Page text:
Comment: Re:Middle wheel/button seems to work ok, no? (Score 1) 367

by drinkypoo (#48898989) Attached to: Ask Slashdot: Where Can You Get a Good 3-Button Mouse Today?

It's under warranty and doesn't bother me as much. Not to mention I absolutely suck at small hardware tinkering.

this is a good project to play with then, because microswitches are cheap on ebay and their leads are fat. get yourself an el cheapo solder sucker and you're in there. you do need a halfway decent iron, though, because you want to get the job done quick and it always takes longer to reheat than to heat. I have a couple of temp controlled wellers and I got an 800 degree pointy tip for one of them which is really nice for that sort of thing.

Comment: Re:nVidia w/ binary driver works (Score 2) 58

by drinkypoo (#48898961) Attached to: Ask Slashdot: GPU of Choice For OpenCL On Linux?

But now I have something to say on the matter: my Nvidia card is no longer supported (that 96.xx line of drivers). So, no proprietary driver for me.

You mean no new proprietary driver for you. The old one still exists. It didn't magically stop working because a new driver came out.

I don't play games and my machine is ok to even play video. I don't need to sacrifice anything except the things I already don't use (like desktop indexing).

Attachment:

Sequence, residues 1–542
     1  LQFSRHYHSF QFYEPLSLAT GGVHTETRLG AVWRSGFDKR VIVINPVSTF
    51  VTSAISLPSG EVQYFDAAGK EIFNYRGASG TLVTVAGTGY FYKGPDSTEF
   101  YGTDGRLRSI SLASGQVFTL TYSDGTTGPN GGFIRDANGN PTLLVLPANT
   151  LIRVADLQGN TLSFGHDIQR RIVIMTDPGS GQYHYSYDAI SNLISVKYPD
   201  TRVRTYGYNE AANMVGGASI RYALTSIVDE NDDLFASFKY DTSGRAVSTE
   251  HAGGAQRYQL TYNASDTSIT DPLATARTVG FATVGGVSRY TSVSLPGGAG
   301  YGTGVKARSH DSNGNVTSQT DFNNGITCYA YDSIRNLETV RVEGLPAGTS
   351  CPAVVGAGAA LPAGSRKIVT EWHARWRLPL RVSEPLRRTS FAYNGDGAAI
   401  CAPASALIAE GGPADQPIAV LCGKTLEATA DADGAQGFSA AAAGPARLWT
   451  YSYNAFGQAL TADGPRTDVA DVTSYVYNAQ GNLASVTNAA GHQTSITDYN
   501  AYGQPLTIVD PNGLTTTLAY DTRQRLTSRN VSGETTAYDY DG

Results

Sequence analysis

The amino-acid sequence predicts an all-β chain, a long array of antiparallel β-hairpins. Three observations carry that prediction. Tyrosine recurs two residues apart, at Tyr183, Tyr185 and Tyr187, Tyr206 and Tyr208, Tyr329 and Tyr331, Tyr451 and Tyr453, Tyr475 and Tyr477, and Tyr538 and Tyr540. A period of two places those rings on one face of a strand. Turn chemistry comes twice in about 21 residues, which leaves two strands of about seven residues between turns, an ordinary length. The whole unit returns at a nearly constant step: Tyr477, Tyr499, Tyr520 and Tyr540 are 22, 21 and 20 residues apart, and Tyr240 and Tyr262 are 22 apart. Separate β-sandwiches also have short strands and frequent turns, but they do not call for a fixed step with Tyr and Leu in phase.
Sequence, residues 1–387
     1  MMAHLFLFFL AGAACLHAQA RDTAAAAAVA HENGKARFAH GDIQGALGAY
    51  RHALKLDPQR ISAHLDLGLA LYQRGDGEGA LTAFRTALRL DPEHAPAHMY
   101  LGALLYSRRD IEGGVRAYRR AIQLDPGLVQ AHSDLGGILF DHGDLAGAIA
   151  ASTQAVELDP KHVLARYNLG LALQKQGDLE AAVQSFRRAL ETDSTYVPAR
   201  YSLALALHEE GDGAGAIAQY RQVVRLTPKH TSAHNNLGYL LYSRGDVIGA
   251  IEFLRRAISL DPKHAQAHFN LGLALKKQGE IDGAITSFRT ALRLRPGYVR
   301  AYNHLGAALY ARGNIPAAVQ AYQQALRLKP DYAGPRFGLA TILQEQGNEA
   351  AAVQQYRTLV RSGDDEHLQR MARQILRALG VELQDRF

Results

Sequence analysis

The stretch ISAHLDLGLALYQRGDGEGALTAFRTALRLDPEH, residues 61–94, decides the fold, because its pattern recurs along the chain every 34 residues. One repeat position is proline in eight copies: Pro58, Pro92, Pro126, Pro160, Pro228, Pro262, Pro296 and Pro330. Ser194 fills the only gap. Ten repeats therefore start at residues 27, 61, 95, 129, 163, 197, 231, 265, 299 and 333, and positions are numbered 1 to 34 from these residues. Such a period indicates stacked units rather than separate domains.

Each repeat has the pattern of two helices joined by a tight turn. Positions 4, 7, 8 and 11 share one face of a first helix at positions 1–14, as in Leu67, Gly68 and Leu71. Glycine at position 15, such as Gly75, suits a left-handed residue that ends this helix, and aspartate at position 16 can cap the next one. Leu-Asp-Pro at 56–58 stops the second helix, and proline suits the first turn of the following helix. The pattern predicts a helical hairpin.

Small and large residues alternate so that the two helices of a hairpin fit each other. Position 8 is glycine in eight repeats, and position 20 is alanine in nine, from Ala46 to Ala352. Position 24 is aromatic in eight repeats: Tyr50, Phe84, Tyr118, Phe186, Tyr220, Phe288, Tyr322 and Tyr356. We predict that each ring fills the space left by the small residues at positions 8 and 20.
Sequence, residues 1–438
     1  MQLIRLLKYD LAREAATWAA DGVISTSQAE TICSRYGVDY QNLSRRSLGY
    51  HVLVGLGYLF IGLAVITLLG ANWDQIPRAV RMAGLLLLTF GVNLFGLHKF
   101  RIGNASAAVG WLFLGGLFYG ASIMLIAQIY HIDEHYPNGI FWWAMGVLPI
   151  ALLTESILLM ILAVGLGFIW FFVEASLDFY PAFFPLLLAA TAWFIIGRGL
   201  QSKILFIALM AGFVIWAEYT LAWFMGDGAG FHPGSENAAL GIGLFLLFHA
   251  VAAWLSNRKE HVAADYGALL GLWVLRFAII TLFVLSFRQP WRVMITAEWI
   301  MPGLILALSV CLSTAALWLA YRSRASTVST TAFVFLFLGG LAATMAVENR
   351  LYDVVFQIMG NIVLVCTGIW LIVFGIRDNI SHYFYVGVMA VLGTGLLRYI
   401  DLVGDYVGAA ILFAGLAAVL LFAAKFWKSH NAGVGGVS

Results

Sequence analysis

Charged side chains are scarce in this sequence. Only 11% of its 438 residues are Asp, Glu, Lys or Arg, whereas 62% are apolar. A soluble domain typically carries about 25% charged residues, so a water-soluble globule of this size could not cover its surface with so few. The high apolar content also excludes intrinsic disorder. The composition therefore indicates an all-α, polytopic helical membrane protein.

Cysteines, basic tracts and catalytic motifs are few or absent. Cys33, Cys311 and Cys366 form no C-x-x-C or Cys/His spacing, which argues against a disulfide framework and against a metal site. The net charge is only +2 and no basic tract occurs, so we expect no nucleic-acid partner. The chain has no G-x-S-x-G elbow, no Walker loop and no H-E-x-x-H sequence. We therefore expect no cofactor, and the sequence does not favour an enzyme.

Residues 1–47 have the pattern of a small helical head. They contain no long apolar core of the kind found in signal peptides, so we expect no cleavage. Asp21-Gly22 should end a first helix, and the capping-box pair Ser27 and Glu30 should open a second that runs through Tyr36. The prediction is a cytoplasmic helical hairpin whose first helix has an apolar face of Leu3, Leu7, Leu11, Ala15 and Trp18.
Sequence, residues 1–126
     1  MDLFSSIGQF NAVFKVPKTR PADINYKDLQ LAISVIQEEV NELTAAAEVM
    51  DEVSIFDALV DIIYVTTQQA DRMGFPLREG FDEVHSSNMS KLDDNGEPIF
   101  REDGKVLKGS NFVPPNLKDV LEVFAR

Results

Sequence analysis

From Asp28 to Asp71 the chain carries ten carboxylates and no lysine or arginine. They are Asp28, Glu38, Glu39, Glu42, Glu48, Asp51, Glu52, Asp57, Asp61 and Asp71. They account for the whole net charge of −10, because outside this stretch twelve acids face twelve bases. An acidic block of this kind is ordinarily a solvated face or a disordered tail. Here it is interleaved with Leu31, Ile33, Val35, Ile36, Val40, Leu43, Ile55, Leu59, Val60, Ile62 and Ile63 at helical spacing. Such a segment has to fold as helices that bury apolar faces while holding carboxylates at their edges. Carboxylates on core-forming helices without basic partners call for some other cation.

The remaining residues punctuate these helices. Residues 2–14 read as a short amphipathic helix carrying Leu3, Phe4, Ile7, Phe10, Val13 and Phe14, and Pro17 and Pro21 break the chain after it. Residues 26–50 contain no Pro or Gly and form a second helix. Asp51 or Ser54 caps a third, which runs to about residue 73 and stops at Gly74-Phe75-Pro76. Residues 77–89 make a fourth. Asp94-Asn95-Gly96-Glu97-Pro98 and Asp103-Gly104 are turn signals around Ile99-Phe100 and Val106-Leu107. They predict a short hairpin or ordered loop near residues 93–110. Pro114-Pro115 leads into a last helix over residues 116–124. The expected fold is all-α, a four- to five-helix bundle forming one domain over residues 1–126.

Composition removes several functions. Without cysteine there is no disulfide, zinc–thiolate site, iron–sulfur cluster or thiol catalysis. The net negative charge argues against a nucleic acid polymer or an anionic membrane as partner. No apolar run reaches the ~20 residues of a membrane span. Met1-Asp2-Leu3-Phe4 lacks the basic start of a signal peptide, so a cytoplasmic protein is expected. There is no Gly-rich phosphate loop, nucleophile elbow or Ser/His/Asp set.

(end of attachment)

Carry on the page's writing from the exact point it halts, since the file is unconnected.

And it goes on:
You can install an indexed search tool on older Ubuntu versions. But regardless, if newer Ubuntu doesn't support older nVidia drivers, how is that nVidia's fault?

Wait, I just saw this:

And no, I can't go for a more recent distribution, like Ubuntu), because they decided my CPU is too old for them.

CPU without PAE? How quaint. Maybe you should join this millenium. But there are some non-PAE kernels for Ubuntu floating around out there, sometimes.

Comment: What's unclear? (Score 4, Interesting) 39

by drinkypoo (#48898923) Attached to: Why We Still Can't Really Put Anything In the Public Domain

Along with your work, you provide a promise not to sue, giving up all your rights to the work in question. It's clearly illegal to do that with the intent of changing your mind later.

It would be nice if there were a no-copyright-registration process, which would certainly remove any and all doubt. But it's not like it's unclear, now. If there's no promise not to sue, look for something else.

Comment: Re:Left Hander Doesn't Care About Your Problem (Score 1) 367

by drinkypoo (#48898895) Attached to: Ask Slashdot: Where Can You Get a Good 3-Button Mouse Today?

so link to the manufacturers website to the page which supports your claim

You still don't understand how the Logitech website works. When they reuse a product name, the old product is renamed in the database to remove the conflict, and listed only under its model number. But here is an ebay listing showing the exact device in question, asshole. You could have found this yourself with google if you weren't such a dumbshit.